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The first victims of Covid-19 in developing countries? The most vulnerable workers to the lockdown of the Tunisian economy

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  • Mohamed Ali Marouani

    (UMR « Développement et Société », IEDES / Université Paris1-Panthéon-Sorbonne, PSL, IRD, LEDa, DIAL)

  • Phuong Le Minh

    (UMR « Développement et Société », IRD and Université Paris1-Panthéon-Sorbonne)

Abstract

While the Covid-19 pandemic had both health and economic e ects in rich countries, the first wave impacted many developing countries’ mainly through its economic and social consequences. The objective of this paper is to perform a first-round assessment of the potential consequences on workers using the Tunisian labor force survey. Three main factors of vulnerability are investigated, the inability to work from home, being part of a non essential industry and working for the private sector. We find that the most a ected are craftsmen, machine operators and elementary occupations in non-agricultural activities. The typically vulnerable worker is a young individual with low education, a man if self-employed and a woman with a temporary contract and lower earnings if wage-earner. When we take into account self-employed workers, the managers’ category becomes the most a ected among high and medium skill occupations. When we look at regional e ects, we unexpectedly find that the coastal regions (except the capital) are the most fragile. This is due to the fact that most of the manufacturing, tourism and international transport activities are located in coastal regions.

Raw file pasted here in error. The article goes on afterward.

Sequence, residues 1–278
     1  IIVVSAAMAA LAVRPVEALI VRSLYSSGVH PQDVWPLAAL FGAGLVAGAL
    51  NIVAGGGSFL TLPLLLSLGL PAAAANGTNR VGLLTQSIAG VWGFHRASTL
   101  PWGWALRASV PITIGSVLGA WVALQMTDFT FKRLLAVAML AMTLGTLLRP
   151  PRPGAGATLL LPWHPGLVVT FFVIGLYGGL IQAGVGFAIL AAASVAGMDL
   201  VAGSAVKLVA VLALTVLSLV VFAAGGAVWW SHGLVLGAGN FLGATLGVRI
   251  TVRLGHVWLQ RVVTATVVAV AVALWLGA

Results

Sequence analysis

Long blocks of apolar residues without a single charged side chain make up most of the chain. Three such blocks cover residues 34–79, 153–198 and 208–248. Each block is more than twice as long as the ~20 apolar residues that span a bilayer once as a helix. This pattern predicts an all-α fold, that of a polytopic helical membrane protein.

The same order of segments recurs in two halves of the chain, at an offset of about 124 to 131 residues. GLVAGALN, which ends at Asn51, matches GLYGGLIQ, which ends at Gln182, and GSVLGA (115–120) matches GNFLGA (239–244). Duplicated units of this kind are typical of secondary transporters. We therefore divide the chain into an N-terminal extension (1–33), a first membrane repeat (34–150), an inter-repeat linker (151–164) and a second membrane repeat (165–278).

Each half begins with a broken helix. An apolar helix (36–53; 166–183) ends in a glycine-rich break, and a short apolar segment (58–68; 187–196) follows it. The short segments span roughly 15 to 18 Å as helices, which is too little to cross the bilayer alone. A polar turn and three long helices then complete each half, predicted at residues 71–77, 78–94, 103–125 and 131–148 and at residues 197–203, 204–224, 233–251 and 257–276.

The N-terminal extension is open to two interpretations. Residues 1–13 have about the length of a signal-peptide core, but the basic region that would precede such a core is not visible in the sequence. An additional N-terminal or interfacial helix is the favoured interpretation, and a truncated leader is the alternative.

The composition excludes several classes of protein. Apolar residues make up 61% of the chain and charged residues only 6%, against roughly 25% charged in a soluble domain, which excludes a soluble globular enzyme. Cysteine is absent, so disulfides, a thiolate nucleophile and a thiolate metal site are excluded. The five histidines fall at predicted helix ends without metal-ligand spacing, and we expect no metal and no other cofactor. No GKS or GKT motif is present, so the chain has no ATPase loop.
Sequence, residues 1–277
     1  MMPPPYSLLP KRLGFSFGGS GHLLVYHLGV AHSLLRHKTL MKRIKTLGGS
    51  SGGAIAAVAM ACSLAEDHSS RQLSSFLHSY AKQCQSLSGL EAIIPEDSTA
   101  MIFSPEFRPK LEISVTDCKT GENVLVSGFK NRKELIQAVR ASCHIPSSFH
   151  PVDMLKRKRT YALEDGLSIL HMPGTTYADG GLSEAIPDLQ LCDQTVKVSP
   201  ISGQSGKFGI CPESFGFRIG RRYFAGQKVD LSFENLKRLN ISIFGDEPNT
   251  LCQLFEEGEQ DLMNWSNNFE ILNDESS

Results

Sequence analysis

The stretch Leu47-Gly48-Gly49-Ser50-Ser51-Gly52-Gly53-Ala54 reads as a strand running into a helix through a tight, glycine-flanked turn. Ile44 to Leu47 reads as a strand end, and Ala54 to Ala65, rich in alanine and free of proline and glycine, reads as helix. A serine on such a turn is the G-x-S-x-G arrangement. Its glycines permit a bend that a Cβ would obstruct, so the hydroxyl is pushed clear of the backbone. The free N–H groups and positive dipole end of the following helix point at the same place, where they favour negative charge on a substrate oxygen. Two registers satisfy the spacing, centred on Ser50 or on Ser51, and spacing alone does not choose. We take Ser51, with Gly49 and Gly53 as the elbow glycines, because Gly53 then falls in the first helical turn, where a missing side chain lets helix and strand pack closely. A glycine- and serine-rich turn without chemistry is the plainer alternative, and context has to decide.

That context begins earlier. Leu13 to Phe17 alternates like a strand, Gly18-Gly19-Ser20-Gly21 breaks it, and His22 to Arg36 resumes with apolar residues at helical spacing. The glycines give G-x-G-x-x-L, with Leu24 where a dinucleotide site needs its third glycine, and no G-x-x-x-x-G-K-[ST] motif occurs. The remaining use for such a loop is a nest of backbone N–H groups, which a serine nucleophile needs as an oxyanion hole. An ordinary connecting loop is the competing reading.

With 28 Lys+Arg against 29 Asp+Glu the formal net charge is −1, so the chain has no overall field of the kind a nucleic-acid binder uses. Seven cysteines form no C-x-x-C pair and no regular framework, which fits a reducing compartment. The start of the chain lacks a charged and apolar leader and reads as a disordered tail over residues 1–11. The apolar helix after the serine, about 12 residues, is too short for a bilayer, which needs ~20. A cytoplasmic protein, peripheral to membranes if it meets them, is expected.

Suggested Citation

  • Mohamed Ali Marouani & Phuong Le Minh, 2020. "The first victims of Covid-19 in developing countries? The most vulnerable workers to the lockdown of the Tunisian economy," Working Papers DT/2020/06, DIAL (Développement, Institutions et Mondialisation).
  • Handle: RePEc:dia:wpaper:dt2020-06
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    References listed on IDEAS

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    More about this item

    Keywords

    teleworking; employment; COVID-19; lockdown; vulnerability;
    All these keywords.

    JEL classification:

    • J22 - Labor and Demographic Economics - - Demand and Supply of Labor - - - Time Allocation and Labor Supply
    • J61 - Labor and Demographic Economics - - Mobility, Unemployment, Vacancies, and Immigrant Workers - - - Geographic Labor Mobility; Immigrant Workers
    • O30 - Economic Development, Innovation, Technological Change, and Growth - - Innovation; Research and Development; Technological Change; Intellectual Property Rights - - - General
    • R12 - Urban, Rural, Regional, Real Estate, and Transportation Economics - - General Regional Economics - - - Size and Spatial Distributions of Regional Economic Activity; Interregional Trade (economic geography)
    • R32 - Urban, Rural, Regional, Real Estate, and Transportation Economics - - Real Estate Markets, Spatial Production Analysis, and Firm Location - - - Other Spatial Production and Pricing Analysis

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